Bruno Benini was an Italian-born Melbourne-based fashion photographer whose archive spanning 1950 to 2001 contains wonderful fashion shots and a suite of important portraits of actors, writers, dancers, designers and artists. The archive was very recently acquired by the Powerhouse Museum and its curator, Anne-Marie Van de Ven, will share her insights into it as she works through the acquisition process. Special guests will include some of Benini’s models.
12.30pm–1.30pm Wednesday 5 August, Powerhouse Museum, Ultimo. Free with museum entry.
Marcus Piper is the joint creative director of the internationally recognised creative agency one8one7
which is based on the south coast of NSW. one8one7 created the identity and campaign for Sydney Design 09. Thanks to technology and transport, Australia incubates great creative talent that works with clients around the world, as well as attracting them from overseas with our climate and lifestyle. Piper will be talking about  the benefits of working internationally and the effect the digital age has had on achieving international recognition “remotely”.
2pm-3pm Sunday 9 August, Powerhouse Museum, Ultimo. Free with museum entry.
SANAA: Christian Dior building, Omotesandō, Tokyo
Two big names in Japanese architecture, Kazuyo Sejima and Ryue Nishizawa, are the founders of the Tokyo-based SANAA (Sejima + Nishizawa and Associates). They are staging an “architectural intervention” at the Sherman Contemporary Art Foundation during Sydney Design 09: a translucent curvilinear acrylic wall that meanders through the gallery creating a sense of interior/exterior space. There will be a free public forum chaired by Margaret Throsby, with speakers including Professor Leon van Schaik, Professor of Architecture (Innovation Chair) at RMIT and Yuko Hasegawa, Chief Curator, Museum of Contemporary Art, Tokyo.
 3pm–5pm Saturday 15 August, Sherman Contemporary Art Foundation, 16–20 Goodhope St, Paddington.

While the Sydney Design 09 festival (1–16 August) is still more than a month away, I wanted to give you advance notice of a couple of ticketed events that will sell out quickly, and some more to consider for your diary.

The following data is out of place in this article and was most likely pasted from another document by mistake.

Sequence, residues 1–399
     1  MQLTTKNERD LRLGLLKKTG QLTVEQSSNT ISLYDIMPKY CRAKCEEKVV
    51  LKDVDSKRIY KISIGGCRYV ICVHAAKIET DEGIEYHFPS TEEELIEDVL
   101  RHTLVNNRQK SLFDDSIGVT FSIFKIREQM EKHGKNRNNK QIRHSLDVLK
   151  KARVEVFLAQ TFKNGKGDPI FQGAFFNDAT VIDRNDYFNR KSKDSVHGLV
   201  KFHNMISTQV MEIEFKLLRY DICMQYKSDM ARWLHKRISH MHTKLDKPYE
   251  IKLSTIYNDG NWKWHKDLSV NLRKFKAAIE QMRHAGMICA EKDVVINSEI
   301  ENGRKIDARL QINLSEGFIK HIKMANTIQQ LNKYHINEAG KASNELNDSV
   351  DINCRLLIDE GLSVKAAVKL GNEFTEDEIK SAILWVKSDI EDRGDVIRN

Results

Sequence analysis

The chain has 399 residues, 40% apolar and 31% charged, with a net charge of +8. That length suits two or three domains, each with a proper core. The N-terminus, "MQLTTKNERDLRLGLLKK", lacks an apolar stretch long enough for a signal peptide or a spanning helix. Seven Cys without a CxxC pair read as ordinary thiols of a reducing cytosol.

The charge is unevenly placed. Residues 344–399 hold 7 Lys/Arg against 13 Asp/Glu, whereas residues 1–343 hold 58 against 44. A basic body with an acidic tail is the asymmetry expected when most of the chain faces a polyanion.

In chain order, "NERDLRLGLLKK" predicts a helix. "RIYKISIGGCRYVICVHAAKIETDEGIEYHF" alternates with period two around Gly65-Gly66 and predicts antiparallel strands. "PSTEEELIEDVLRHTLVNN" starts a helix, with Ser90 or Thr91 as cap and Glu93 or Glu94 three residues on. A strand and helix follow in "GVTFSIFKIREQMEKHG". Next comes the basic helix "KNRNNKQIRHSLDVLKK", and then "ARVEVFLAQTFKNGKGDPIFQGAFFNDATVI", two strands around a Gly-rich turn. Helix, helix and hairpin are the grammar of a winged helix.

Paul Cocksedge

British designer Paul Cocksedge is known for innovations like lights that can be switched on by drawing pencil lines on a piece of paper or moulded from deformed styrene cups, and a waterfall warped out of shape by a static generator. The object he is pictured with here is filled with gin and tonic water and fluoresces under UV light. He’s the Sydney Design 09 international speaker and he’ll be delivering an illustrated lecture about his inspiration, process and work. 6pm Monday 3 August, Powerhouse Museum, Ultimo. $15. You can book online here.

Eat Green Desgin logoA pop-up restaurant? Why not? Read the rest of this entry »

Whippet good: designer Hugh Thomas

In furniture, industrial design on 25 June 2009 at 2:36 am

Here are a couple of impressive pieces of work by a young Sydney-based industrial designer, Hugh Thomas.

Hugh Thomas - Whippet Chair

This is his Whippet Chair, an intriguing, fluid take on a small chair. Its ergonomic tractor-seat is comfortable but not overly so, making it good for use in places that need fast patron turnover like cafes.

Hugh Thomas - doorstop 1 Read the rest of this entry »

Designs for living: he’s the real Ng

In exhibition, graphic design on 11 June 2009 at 3:10 am


There’s a ton of talent on show in this year’s Design Now!, the annual touring exhibition of graduate student designers in six categories: design for the body, the home, the built environment, communication, studio production and industry.

Catching Kollektor’s eye was a set of booklets by Eric Ng, a visual communications graduate from the University of Technology, Sydney.

The seven booklets are based on ideas from “A Sustainable Everyday” by Ezio Manzini, a pioneer of the “slow design” movement and professor of industrial design at Milan Polytechnic. (A slideshow of Manzini’s presentation is below.)

Manzini encourages designers to play a role in creating a sustainable future by rethinking our distorted relationship with the environment at the macro level.


Ng’s work, called Scenarios of a Sustainable Future, rises to Manzini’s challenge. He takes aspects of everyday life like getting up, dressing and eating, and illustrates how they could increase our well-being if we shake off our materialism.